What Else Can Affect the CPC?
Your average CPC can differ depending on the area you target, especially since some countries have a lot more traffic than others – and more buying capabilities. It may seem unfair to know that you can pay more to run campaigns in Australia than other advertisers do to run ads in India, but the users and traffic from each country are extremely different.
- The Network
Google can show your ads on the Search Network (meaning on the SERP pages), or the Display Network, which is a group of partner websites. The costs for the Search Network are traditionally higher than the Display Network. And it makes sense: the number of potential customers is higher when you advertise on search engines than if you rely on the visitors of another website alone.
- Quality Score
Google cares a lot about user experience, and it expects advertisers to keep their websites or landing pages up to their standards. The quality score is a strategy the search giant uses to incentivize companies to focus on delivering high-quality ads. And, it works as this score has a great influence on the final CPC. If your ad has a high quality score, then your costs can be reduced, and the ad will be displayed in a better position.
Advertisers should, therefore, dedicate some time and effort into optimizing their ads to have the highest quality score possible. Even if you can afford to pay a maximum bid of $50 per click, if the score is bad, then your ad rank will suffer.
How Much Will Google Charge You?
If you’ve made it this far, then you’re probably thinking that you cannot fully control how much you’ll end up paying for running Google Ads. Not exactly.
Actually, Google will only charge you the amount of money you’re willing to pay. While the cost per click is (mostly) out of your hands, you can still establish a budget at an ad, ad set, or campaign level. Google will only run the ads as long as there’s still money in the budget. When it’s dried up, the ads stop, and you don’t have to worry about going over budget.
If you’re new at this, it’s best to establish a daily budget for all your ads to have better control of how much you spend. Because it’s a PPC system, you can get your ads in front of a large number of people and generate ad impressions. Even if impressions don’t bring a return on your investment, they can still help you with your promotional efforts.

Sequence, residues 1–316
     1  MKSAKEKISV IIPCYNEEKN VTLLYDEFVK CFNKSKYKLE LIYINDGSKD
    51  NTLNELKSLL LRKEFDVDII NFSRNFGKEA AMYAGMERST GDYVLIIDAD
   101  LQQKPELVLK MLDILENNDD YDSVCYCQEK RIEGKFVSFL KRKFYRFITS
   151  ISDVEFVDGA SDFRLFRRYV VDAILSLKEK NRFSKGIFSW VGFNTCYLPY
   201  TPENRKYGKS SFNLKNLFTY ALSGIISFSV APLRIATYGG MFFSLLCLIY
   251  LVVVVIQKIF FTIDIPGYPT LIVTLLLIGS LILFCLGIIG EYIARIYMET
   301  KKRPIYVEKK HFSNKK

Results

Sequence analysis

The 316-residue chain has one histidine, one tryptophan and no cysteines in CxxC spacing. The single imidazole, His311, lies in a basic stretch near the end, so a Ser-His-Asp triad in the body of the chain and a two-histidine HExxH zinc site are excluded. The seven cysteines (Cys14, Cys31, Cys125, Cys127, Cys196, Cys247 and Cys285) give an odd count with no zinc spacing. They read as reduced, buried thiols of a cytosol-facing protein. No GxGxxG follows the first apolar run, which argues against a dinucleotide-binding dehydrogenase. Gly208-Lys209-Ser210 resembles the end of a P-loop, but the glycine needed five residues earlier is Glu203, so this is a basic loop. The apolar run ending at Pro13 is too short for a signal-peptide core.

But even if you’re in a very competitive industry, it doesn’t necessarily mean you have to pay more for using a keyword. Google allows you to bid the amount you want for a specific keyword, and won’t reject the ad because the bid amount is well under the average cost. However, if you’re paying less for a competitive keyword, your ad visibility might take a hit.
You also have the option of automatic bidding, where you let Google decide how much to bid on a keyword for you. It may be the best solution in very competitive industries since the prices can change rapidly and the manual setting basically means you have to constantly be on top of this issue. Plus, you’ll likely run several ads, with several different keywords at the same time. Changing the bid amount manually is essentially a fulltime job in some cases, so ad scheduling might make things easier for you.
While Google won’t charge you more than the budget you establish, the final cost per click will mostly depend on the keywords you need for your campaigns. Industries with high levels of competition generally will have a higher average cost, though advertisers aren’t forced to bid the average amount.
Other elements that can influence the final campaign costs include the device targeted, the network the ad runs on, quality score, and even the location targeted by the ad. Before you start running Google Ads, you should first research what the average cost of your keyword is, and how much money can you really add to your campaign budget.
Then, it’s all about optimizing the campaign and scoring the highest possible quality score to decrease costs and potentially get you a better position for the ads. If you’re looking for great Google Ads solutions, we are always here to help. Contact Australian Internet advertising today and we’ll handle everything for you.